The decision as to whether Venezuela should stop participating in this body is the sole responsibility of its government and its people. In any case, it would be strange if Venezuela was not raising this question. When the criminal and anti-democratic coup of 11 April 2002 took place, perpetrated by the most reactionary forces against the will of the Venezuelan people, the Inter-American Commission on Human Rights recognised the illegitimate Carmona government and the entire undemocratic situation created, in an attempt to legitimise a coup that had tried to depose an elected president.
Democracy was restored with the widespread support of the Venezuelan people, to the great regret of various American and European governments. This situation continues to stick in the throat of the right, as proved by this debate. That is why it has promoted allegedly urgent debates on Venezuela in this Parliament. Coincidentally, every one of them has been held in years in which elections have taken place in Venezuela.
If anyone who supports this inadmissible interference is truly concerned about human rights, they should know that the Bolivarian Republic of Venezuela actively participates in the United Nations Human Rights Council and that it is actively involved in setting up human rights organisations under the framework of the Union of South American Nations and the Community of Latin American and Caribbean States.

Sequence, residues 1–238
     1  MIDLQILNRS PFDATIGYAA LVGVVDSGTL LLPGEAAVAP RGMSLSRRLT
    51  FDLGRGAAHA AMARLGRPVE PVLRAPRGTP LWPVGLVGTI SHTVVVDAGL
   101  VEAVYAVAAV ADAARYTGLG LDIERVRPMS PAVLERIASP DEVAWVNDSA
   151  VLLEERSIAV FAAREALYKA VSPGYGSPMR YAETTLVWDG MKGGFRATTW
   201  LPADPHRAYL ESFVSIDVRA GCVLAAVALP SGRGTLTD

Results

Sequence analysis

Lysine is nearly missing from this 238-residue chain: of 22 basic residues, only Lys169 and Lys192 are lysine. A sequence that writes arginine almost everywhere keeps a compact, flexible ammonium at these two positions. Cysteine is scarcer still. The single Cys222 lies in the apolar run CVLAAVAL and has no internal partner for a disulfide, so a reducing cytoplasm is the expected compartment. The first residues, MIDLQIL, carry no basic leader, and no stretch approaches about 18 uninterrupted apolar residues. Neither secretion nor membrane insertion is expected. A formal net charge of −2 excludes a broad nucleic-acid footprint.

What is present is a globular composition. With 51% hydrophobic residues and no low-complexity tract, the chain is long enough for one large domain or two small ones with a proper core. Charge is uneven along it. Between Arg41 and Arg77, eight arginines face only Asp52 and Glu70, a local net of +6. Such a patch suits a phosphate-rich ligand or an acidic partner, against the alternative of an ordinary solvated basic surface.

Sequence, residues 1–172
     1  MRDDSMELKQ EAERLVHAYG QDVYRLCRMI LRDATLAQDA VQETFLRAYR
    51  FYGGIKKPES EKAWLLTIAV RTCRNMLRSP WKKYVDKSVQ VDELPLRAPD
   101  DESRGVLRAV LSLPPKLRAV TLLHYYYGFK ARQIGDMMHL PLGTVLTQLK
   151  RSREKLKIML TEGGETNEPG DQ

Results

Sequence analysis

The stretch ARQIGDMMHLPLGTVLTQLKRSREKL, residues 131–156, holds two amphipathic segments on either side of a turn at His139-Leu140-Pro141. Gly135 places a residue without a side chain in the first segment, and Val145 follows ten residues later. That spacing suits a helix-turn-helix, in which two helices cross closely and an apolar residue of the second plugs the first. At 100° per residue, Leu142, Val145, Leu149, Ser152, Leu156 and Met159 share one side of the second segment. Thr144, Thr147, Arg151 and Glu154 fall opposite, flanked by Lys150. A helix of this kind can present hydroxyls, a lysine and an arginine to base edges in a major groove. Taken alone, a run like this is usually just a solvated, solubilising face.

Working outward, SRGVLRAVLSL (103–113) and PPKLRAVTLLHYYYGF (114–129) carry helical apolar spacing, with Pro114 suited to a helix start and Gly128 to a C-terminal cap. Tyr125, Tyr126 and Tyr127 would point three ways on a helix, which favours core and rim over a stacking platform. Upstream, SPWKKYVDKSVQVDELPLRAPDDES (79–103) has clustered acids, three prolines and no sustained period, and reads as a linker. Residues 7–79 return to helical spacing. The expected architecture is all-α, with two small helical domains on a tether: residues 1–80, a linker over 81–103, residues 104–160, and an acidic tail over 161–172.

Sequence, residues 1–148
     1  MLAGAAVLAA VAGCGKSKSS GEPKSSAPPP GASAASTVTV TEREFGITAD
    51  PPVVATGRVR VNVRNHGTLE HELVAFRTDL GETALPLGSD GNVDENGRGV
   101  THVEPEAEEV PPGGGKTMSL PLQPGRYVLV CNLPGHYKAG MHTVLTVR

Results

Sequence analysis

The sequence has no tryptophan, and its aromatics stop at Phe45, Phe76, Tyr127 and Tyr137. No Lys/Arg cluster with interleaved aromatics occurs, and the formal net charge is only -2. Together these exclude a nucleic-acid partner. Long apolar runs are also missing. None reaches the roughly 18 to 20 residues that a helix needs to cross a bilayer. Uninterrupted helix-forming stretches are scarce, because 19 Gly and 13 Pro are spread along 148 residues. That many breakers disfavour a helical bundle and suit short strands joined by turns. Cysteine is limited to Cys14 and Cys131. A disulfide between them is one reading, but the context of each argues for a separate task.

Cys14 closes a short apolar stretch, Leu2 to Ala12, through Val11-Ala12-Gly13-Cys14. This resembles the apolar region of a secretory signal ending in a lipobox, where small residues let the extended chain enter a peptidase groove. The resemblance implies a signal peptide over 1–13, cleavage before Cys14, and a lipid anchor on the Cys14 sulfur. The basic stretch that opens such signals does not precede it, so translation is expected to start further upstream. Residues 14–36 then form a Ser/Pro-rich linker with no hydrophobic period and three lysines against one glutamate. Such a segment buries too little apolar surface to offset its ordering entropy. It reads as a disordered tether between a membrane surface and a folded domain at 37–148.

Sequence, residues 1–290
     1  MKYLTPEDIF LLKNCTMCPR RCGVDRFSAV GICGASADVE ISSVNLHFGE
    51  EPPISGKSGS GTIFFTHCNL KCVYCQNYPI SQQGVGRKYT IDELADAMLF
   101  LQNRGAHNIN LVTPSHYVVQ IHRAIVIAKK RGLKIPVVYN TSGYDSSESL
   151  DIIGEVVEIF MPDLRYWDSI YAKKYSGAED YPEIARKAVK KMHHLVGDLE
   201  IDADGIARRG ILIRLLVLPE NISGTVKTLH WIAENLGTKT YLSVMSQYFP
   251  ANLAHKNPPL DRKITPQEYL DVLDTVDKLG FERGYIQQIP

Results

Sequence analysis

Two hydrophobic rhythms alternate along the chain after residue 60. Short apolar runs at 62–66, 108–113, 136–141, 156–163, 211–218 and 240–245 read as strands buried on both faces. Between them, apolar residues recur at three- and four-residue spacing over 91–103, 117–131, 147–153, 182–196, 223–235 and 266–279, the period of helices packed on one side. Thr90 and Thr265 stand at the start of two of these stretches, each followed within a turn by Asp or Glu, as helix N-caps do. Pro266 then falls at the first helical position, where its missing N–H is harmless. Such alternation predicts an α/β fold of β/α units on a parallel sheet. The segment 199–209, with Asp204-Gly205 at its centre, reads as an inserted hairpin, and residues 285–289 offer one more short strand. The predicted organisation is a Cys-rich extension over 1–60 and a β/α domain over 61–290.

If those supporting this inadmissible interference are truly concerned with human rights, why do they not propose a debate on the social advances that have taken place in Venezuela, particularly at the level of social rights? Why do they not discuss the reduction in poverty and extreme poverty, which has fallen from 17.1% to 7.9% in just 10 years?
Why do they not listen to the praise from the relevant officials of the FAO and UN regarding the enormous progress achieved in the right to food and the Millennium Development Goals?
This debate could be of some use for understanding that there are paths other than those advocated by the majority in Parliament and the governments of the European Union, where social, economic and labour rights – that is, human rights – are increasingly being attacked and undermined and where poverty is increasing at an alarming rate.
Laima Liucija Andrikienė , on behalf of the PPE Group. – (LT) Mr President, I congratulate the Inter-American Commission on Human Rights on its work defending human rights in American States and call on it to continue this work to guarantee human rights. I believe that we have to support regional human rights organisations and institutions because they are part of the international human rights system. At present the united support of the EU Member States and the EU institutions, as well as the European Parliament, is particularly important as the worrying news reaches us about the possible withdrawal of Venezuela from the Inter-American Commission on Human Rights. I would like to stress that, to my understanding, the Venezuelan Government’s decision to withdraw from this system would aggravate the human rights situation and I therefore call on and invite the leaders of Venezuela to keep Venezuela a member of the Inter-American Commission on Human Rights.